chris pine screen actors guild awards white tuxedo
Why We Thirst After Celebrities
02.14.19

Not a day goes by that I don’t think about Chris Pine. Today, I have thought about him eight times. I have thought about the white tuxedo he wore to the Screen Actors Guild Awards, so tight it was bordering on the profane. I have thought about the way he hugged Emily Blunt at the ceremony as he handed her a statue. I have thought about his honeysuckle-hued hair and I’ve thought about running my hands through it.

I have thought about the fact that, if Chris Pine and I were in a relationship — which I am repeatedly assured we are not — we would spend Sundays discussing The New Yorker before cooking #TheStew together from scratch. We would have a whole recurring bit about the temerity of turmeric stains and we would laugh, and laugh, and laugh.

For a while I toyed with Bradley Cooper in A Star Is Born, and I will always carry a torch for Michael B. Jordan, but Chris Pine is, clearly, my number one imaginary boyfriend. And if I weren’t confident I wasn’t alone in these preoccupations, I might be shy about admitting it. But pinups have existed for as long as there were bedroom walls for posters to be pinned upon, and I’d wager we are living in a golden age of the celebrity crush.

“It’s 2019 and women are horny as heck,” a recent article on ELLE.com declared. And it’s true — we were horny for Beto O’Rourke, for Noah Centineo, for Pete Davidson and for that glossy-haired duck preening its way around Central Park last summer. (The heart wants what it wants, and all that.) Is this because crushes are no longer confined to locker doors and diary pages and the witching hour just before falling asleep? Now, women — and all people — can thirst in ways we never thought imaginable, thanks to the internet.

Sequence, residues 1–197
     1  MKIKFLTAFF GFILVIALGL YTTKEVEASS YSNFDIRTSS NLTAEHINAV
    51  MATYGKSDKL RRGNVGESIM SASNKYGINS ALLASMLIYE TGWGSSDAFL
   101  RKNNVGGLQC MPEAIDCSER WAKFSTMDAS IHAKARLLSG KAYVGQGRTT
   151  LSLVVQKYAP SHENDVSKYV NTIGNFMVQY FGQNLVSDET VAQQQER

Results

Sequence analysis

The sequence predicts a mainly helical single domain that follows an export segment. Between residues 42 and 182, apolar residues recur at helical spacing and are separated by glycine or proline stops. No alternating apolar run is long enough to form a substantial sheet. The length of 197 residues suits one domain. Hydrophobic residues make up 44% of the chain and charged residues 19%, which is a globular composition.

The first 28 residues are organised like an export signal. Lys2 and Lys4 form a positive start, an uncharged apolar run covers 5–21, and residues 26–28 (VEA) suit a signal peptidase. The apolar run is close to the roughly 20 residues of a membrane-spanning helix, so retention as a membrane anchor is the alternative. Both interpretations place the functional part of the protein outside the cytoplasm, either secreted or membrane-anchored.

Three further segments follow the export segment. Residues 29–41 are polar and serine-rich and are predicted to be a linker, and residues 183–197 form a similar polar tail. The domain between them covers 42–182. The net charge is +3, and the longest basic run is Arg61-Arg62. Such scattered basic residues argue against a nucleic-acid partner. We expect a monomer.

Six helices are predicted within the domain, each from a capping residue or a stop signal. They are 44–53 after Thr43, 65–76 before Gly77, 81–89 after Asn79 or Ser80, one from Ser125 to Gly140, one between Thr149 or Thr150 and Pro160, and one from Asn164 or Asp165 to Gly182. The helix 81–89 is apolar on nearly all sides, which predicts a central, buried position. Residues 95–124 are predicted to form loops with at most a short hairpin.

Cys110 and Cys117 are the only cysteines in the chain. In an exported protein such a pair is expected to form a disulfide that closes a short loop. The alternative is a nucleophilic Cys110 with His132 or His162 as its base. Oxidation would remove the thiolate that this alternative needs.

Online, craving connects people. The internet can provide safe and uninhibited space for sharing your desires and seeking others who might feel the same way about, say, the way that Jake Gyllenhaal corrects mispronunciations of the word “melancholy.” It’s a hopepunk flavor of community-building, but it’s also more than that:

“When it comes to sexuality and desires, it is very important to vocalize and share,” Jannette Davies, co-founder of sex-positive online community Scarlet Ladies explains. “This helps to normalize [these types of] conversations.”

 

Does that mean thinking about Chris Pine upwards of [redacted] times a day is good for me? In a way, yes.

Does that mean thinking about Chris Pine upwards of [redacted] times a day is good for me? In a way, yes. As Davies explains, a crush is ultimately a fantasy, and fantasies help us to explore the recesses of our sexuality. What do we like? What don’t we like? What do we want, and I mean really, really want? “Something as simple as a celebrity crush will help as a conversation starter to deeper discussions,” Davies explains. “When it comes to our desires, it can be very isolating… So having these conversations helps us to feel okay and ‘normal.’”

These conversations can also tell us a lot about the society having them. Davies’ crush is Idris Elba. “He has this very masculine energy and edginess,” she explains, entirely unnecessarily. Compare him — or other contemporary crushes such as Henry Golding or Rihanna — with some of history’s classic pinups and you’ll see just how much a crush is shaped by the era in which it is forged.

After World War II, Hollywood responded to a perceived need for protection by churning out an assembly line of stoic, strong-jawed heroes — Cary Grant, Gregory Peck, Jimmy Stewart — whom you might imagine women around the world holding out for, Bonnie Tyler-style. Today, we’re living in what some are calling the “total package” era of celebrity crushes. These figures must contain multitudes to earn their place on our proverbial bedroom walls. They need to be Tessa Thompson, campaigning for diversity in Hollywood; they need to be Timothée Chalamet, giving interviews to Harry Styles (another crush) in which he tells men that it’s okay to be vulnerable. Our roster of celebrity crushes is a window into the social and sexual mores of the time. “Crushes change throughout our lives, and so do our types,” Davies adds. “A crush shows you more about your current needs.”

Crushes used to be a thing of ecstatic adolescence held in swoony secrecy. Now, we can moon over our internet boyfriends and girlfriends online in as much or as little detail as we want. A crush can teach us about our desires and about the world we’re living in. It can show us that we’re not alone.

But mostly, it can teach us about ourselves. Thirst is more than thirst: It’s anthropology. It is a reminder that to lust is human. I love Chris Pine, my mother loves Chow Yun Fat, my grandmother loved Richard Harris circa Camelot. And on and on it goes. Celebrity crushes are universal, while in the same breath deeply personal. So, who is yours? And what does that say about you?

Photo by Kevork Djansezian via Getty Images.

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